Wednesday, 3 November 2010

Basquing in San Sebastian

Our first taste of Spain was San Sebastian, a Basque beach town on the northern coast of Spain, which owes its popularity to the fact that the Spanish royal family built a Summer Palace there in the 19th century. It's a town of different facets: old town with multitudes of tapas bars (known as pinxos in this region); beautiful lush green hill on which stands a medieval fortress and the remnants of French and English militia (including an old English graveyard); broad semi-circular promenade, hugging a golden sandy beach and aquamarine waters; and located at the far reaches of the bay, a magnificent piece of art, known as the Wind Comb, which combines rusted iron sculpture, wind and water to create a unique experience.

It rained quite a bit on our day in San Sebastian, so we didn't really see the summer party town. But we did enjoy our walk (and the wind comb in particular) and I became quite proficient at saying 'thank you' in Basque – which is 'Eskerrik Asko'.

We are learning to eat differently in Spain – the main meal is typically at lunch time (~2pm), with tapas style dinner starting late (~8pm). Most of the shops and many attractions close between about 2 and 4 for siesta, which should make the next few weeks interesting. Our lunch in San Sebastian was 'the menu of the day' – a three course meal which included a bottle of wine between the five of us. We had a choice for each course – I had paella (because, well, I'm in Spain), stuffed capsicums, and rice pudding (yum).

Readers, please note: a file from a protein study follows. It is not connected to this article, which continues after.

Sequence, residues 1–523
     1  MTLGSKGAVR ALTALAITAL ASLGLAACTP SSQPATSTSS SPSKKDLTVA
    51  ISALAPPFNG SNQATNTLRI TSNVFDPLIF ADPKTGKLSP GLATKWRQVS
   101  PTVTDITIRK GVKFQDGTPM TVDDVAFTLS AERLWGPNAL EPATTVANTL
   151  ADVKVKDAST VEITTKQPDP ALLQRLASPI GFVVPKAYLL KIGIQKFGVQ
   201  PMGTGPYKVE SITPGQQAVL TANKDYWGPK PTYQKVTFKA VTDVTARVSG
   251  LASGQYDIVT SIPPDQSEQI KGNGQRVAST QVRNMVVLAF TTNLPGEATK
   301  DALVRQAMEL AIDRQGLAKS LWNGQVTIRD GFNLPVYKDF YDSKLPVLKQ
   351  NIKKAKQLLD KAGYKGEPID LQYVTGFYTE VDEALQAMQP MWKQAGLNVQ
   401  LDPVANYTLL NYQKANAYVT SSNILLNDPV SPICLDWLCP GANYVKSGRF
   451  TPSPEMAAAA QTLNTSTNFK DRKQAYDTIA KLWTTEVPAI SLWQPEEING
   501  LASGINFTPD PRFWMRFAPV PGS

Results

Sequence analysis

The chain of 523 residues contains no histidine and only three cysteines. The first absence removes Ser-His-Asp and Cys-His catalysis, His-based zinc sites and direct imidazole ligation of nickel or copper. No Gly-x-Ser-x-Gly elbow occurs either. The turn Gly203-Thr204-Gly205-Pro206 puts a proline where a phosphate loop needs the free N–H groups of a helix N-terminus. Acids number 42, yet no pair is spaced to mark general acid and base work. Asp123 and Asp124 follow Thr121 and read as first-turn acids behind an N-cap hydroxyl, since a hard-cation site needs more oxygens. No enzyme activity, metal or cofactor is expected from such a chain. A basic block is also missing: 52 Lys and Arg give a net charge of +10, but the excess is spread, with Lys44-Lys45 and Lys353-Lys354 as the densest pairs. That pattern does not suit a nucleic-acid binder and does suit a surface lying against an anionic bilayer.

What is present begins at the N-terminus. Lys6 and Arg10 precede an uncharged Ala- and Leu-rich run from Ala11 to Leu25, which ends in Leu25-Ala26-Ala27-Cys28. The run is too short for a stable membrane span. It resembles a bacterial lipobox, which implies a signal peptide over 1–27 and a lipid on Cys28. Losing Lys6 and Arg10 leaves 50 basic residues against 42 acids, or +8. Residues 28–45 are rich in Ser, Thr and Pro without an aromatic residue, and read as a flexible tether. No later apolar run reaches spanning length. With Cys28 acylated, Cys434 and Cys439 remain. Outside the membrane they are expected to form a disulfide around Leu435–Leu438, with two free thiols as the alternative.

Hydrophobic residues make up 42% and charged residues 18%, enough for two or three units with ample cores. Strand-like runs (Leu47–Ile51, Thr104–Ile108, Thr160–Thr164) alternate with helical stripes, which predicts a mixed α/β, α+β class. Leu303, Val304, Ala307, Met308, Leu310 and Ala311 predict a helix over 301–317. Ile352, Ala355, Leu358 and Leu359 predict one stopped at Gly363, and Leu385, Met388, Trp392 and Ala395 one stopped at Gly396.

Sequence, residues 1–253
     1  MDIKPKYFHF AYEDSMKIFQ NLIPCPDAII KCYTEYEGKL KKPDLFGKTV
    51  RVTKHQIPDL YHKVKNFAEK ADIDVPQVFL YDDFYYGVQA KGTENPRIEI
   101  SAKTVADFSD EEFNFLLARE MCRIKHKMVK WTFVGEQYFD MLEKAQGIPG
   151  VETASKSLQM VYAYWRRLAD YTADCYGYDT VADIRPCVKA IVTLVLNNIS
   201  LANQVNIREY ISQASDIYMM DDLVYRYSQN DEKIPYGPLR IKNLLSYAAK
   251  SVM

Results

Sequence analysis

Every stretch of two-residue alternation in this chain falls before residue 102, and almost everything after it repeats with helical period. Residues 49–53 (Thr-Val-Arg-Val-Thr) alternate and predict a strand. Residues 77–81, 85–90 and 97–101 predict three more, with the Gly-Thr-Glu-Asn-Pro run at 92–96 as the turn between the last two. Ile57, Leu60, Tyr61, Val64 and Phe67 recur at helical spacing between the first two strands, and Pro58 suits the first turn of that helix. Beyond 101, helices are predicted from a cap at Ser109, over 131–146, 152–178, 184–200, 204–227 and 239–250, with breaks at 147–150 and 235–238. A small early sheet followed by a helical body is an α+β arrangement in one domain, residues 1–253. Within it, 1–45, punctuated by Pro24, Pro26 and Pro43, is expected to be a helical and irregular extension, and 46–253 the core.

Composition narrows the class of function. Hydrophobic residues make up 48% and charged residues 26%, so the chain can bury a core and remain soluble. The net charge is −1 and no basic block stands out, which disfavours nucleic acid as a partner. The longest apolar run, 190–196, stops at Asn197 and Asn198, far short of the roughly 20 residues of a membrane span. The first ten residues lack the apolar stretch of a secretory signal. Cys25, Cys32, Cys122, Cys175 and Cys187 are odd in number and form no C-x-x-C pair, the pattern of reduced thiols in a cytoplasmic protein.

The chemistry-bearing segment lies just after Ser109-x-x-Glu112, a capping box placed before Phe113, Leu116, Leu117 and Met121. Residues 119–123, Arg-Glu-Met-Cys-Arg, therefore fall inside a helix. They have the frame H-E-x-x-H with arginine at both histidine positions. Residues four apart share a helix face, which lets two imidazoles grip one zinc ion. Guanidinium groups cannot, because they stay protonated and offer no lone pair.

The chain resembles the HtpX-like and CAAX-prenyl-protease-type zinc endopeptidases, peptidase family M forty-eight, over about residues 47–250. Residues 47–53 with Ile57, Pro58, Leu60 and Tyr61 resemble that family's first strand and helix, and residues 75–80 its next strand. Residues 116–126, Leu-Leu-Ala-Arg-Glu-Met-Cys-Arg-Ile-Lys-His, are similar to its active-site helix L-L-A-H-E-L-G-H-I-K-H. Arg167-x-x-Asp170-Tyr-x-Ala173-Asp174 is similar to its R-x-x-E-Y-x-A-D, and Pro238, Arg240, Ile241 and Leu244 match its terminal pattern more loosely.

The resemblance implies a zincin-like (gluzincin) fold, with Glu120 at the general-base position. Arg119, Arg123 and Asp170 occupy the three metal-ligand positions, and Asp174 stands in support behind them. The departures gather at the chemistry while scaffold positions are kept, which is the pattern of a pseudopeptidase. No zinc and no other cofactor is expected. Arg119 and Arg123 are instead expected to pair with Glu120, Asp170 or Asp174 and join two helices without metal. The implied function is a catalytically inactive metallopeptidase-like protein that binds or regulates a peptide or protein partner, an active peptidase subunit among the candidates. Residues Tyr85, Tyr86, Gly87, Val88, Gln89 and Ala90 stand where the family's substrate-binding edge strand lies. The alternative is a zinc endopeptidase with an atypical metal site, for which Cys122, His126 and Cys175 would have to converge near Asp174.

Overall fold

The wine in Spain is so far very good and really cheap. A glass of very passable red (often temperanillo) in a bar is around 1.5 Euro!

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